Specifically, the newspaper pointed out that Paihad lost millions of dollars on New Power stock --which he held all the way down -- even as he sold hisEnron shares.

"Those amounts are small compared to the sums hecashed out in 2000 and 2001," the Chronicleconceded. "But they do leave Pai among the ranks ofinvestors stung by the Enron legacy."

Some viewed Pai's investment in New Power as ashow of faith in the company. But Moriarty suggestsotherwise. Through his investment in New Power,Moriarty said, Pai had found a new way to hide hisreal net worth from his first wife.

"He had 2 or 3 million shares he didn't tell herabout," Moriarty stated.

If so, Pai's strategy obviously backfired in theend. But he still barely got singed, relativelyspeaking. He owns, among other things, an upscale Houston residence and ranches in Colorado and Texas. His second wife, Melanie, nowmanages racehorses in a thriving new career.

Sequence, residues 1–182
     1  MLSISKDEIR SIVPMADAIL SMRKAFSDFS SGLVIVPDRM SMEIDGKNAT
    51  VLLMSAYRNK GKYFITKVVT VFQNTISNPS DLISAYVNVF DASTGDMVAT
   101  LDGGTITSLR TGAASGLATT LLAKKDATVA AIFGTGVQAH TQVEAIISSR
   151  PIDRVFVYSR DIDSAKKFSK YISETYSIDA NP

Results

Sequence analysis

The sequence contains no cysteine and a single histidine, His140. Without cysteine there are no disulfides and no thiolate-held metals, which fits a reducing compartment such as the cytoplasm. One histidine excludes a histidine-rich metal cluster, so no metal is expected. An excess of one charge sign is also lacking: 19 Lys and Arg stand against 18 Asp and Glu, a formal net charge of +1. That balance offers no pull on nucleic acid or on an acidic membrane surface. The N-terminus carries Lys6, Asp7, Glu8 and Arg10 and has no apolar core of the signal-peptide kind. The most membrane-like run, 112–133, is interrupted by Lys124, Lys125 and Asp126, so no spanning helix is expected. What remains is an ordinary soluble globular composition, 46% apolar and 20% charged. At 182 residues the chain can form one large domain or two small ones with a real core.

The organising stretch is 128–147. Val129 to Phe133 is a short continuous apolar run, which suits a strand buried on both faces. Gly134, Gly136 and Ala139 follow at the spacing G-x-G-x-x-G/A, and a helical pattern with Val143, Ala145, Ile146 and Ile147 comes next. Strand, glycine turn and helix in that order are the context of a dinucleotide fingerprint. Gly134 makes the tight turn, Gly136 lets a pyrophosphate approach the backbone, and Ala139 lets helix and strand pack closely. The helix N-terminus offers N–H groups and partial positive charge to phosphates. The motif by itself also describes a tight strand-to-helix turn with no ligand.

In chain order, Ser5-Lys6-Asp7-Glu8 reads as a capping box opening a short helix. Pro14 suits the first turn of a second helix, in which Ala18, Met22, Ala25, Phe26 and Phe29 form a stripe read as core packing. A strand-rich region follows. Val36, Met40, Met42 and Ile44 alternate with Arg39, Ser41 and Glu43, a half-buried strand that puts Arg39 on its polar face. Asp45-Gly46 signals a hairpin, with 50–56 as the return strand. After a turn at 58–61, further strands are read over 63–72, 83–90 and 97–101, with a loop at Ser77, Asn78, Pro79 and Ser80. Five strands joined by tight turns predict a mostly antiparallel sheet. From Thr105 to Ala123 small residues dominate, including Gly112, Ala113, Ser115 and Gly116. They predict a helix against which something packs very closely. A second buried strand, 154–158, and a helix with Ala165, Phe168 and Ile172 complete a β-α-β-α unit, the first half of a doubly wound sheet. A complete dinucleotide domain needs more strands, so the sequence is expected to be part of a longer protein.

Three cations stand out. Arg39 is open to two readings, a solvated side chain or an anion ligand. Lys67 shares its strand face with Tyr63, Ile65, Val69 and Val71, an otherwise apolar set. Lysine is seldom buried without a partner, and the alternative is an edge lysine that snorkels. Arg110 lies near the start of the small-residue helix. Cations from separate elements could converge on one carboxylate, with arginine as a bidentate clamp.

Pai's ex-wife isn't exactly hurting, either.According to Hasson's complaint, Lanna Pai beganspending millions of dollars on real estate --particularly in Hawaii -- even before shescored her formal divorce settlement. She alsodemanded an extra $5 million toease the "mental and emotional anguish, embarrassmentand humiliation" caused by Pai's affair.

To be sure, all the involved parties fared a lotbetter than ordinary shareholders.

"The market value of Enron stock has declinedsignificantly since May of 2000, when Lou Pai made hislast sale for purposes of making distributions to Lanna Pai," Hasson's complaint states. "Hasson'sefforts saved Lanna Pai millions of dollars by ...getting Lou Pai to exercise stock options and sellEnron stock, at high prices, and by securing cashdistributions to Pai based on the sale s."

According to Moriarty, Pai no longer works for aliving. He severed all ties with Enron just threemonths before Enron collapsed, destroying the dreams-- and the fortunes -- of so many.

As originally published, this story contained an error. Please see Corrections and Clarifications.